I Love You But do I Have to LOVE You Every Day?

In belated celebration of my one-year blogiversary, I’m reposting the post I posted exactly a year ago, 13 days after arriving in Bloggingshire. There’s no particular reason I chose today to celebrate being with WordPress for nearly the gestation period of a manatee, except that I’ve been meaning to look back, and I finally got the chance. So here we go:

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Due to operator error, yesterday’s post was not published ’til this morning, marking my official Off Blogday debut since September 13. My sister (the one who has ten shelf-feet of National Geographic (as compared to Mom’s forty, see Saving the World, One Stick of Secret at a Time), suggested recently that I post once or twice a week. My friend Solveig suggested that a decade ago. Of course I ignored both of them.

I ignored them because I liked the idea of a daily meditation that results in a completed thing outside of myself, little and whole, like a nut.

I still do.

But I have a paying job (a manuscript to edit), and query letters to send, essays to complete, and Midgets who need me to be present outside my head.

Urging me to cut back on the blog, another friend, who wished to remain anonymous, cited a married couple who’d had sex for a hundred and one days straight. People get around the world on rafts in fewer days than that. Annie and Doug Brown did it, literally, so they could write a book about it, like a naked heterosexual version of Julie and Julia. “Can you imagine?” asked my nameless and knowledgeable friend. “I’m sure it got to, ‘Can’t I just enjoy thinking about it for a few days before I have to mount it?””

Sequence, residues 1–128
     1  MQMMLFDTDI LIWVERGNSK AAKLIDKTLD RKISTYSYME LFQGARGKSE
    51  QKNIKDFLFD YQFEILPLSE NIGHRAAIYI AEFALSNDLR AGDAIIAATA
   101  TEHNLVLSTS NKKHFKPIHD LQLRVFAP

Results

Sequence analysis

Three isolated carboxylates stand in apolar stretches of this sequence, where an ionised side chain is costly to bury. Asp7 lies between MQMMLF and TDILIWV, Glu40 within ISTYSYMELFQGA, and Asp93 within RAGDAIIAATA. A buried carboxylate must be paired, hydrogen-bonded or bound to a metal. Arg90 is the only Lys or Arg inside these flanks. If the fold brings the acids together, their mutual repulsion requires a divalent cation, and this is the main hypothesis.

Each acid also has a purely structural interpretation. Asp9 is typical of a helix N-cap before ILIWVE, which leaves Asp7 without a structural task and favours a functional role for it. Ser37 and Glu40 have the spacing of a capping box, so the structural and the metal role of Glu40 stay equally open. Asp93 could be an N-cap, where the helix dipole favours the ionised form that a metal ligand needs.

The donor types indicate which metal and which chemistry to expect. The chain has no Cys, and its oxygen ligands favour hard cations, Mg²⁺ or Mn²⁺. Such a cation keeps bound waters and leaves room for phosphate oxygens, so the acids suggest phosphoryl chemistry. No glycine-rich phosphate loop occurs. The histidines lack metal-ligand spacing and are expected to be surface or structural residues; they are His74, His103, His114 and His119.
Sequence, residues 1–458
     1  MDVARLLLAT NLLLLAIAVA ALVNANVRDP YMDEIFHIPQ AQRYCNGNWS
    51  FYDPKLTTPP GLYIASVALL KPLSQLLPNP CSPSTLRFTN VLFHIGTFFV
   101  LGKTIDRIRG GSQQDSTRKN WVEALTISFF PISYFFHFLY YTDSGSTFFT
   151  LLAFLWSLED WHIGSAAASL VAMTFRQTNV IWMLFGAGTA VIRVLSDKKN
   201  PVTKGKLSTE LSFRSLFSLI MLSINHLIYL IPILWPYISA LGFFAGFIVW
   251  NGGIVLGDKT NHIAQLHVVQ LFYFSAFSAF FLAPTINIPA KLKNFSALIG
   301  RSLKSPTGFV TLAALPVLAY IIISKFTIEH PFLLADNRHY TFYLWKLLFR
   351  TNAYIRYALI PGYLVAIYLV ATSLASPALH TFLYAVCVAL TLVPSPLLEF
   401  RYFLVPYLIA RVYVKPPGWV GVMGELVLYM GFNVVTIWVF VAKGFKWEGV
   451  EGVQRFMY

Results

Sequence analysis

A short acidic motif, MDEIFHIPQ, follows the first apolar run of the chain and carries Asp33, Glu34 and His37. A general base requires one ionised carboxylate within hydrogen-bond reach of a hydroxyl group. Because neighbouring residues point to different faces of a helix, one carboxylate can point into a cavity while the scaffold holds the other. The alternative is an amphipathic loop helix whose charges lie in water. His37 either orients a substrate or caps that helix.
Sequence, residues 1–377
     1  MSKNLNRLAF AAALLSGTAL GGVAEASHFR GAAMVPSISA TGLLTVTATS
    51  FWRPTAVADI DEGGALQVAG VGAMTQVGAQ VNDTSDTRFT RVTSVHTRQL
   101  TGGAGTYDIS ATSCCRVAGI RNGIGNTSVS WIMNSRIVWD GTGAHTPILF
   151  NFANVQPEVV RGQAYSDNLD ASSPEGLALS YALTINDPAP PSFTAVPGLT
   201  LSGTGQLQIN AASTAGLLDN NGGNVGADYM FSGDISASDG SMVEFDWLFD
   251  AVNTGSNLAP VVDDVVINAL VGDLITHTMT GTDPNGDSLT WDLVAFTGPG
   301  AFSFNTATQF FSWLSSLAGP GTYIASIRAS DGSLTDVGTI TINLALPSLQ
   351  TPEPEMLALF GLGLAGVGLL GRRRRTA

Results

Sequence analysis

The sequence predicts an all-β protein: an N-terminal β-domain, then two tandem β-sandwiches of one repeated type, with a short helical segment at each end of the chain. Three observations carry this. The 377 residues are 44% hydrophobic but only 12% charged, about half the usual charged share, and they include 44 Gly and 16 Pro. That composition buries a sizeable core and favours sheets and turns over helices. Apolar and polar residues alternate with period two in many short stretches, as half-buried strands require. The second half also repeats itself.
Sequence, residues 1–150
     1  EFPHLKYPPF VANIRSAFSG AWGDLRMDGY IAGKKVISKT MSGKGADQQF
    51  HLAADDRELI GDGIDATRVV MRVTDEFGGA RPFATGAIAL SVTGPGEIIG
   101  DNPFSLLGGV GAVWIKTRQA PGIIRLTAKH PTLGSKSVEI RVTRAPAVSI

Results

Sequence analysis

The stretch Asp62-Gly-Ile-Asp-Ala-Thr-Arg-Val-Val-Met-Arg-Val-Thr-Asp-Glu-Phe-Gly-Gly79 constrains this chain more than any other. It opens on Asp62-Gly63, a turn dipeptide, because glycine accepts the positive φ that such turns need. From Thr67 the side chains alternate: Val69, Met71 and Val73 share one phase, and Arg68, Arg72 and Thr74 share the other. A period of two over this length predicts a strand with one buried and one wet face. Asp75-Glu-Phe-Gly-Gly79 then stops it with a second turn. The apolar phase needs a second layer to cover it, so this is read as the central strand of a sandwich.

Apparently the book, Just Do It, published in 2008, has a happy ending. After their project, the couple reported that they touched more and felt more intimate. One could argue that soldiers in a foxhole evading flying mortars feel more intimate toward one another afterward, too.

Not that posting 400 words can be compared to either.

If blogging has made one thing abundantly clear to me, it’s how insulated and safe my middle-class American life is.

But back to the point: This post is my official notice that I may miss a post or two. Not that I don’t love to be with you, WordPress. But can’t I just think about you for a few days before…?

Have you had too much of a good thing lately?

Location, Location, Location

The best kind of subliminal messaging. (via cakeboule.wordpress.com–go there! It’s British, it’s great!)

So today Aunt Susan and I were at Fashion Square in Scottsdale. By Square, they mean a square mile (or more) of indoor zero-lot-line retail establishments designed to strip you of your disposable income in exchange for Really Cute Shoes. Or a Really Cute Watch. Or a Really Cute Espresso Maker. Or maybe an after-shift meetup with the Really Cute eighteen-year-old server behind the counter at the Nordstrom Cafe. A high point of the day: seeing two men taking a break from shopping. One old, the other older. At each set of thin white ankles sat a Hollister bag like the ones pictured above. A lovely juxtaposition. A study of our time. Of our culture. Of human nature. Maybe the men had bought polo shirts for their grandsons. I doubt it.

I bought a garlic press. Over a pair of 5″-heeled $790 Prada suede sandals, I discussed the possibility that I may be being colonized by an embryonic bunion among the metatarsels of my right foot. Entering the Tahari department of Macy’s, Aunt Susan (not MY aunt, the bots’ aunt. My sister, in town briefly for a conference) observed that distribution of body fat seemed to make a very big difference. “Location, location, location,” we both intoned together, and then laughed hysterically.

Awkward moment of the day: After dessert at the Nordstrom cafe (having NOT picked up the eighteen-year-old in charge of Salad Orders), our server, Xavier, who could have been in the Cirque du Soleil for all the cartwheeling he was doing to make sure our every dining need was met, finally asked if there was anything else he could do. “Now that you mention it,” I said, “A massage?” Then I quickly added, “A shoulder massage?” I mean, he was so eager to serve, and our shoulders were a little sore from carrying our shopping bags. Across the table, Aunt Susan was again in hysterics. Let the girls out of the zoo for six hours and they go wild.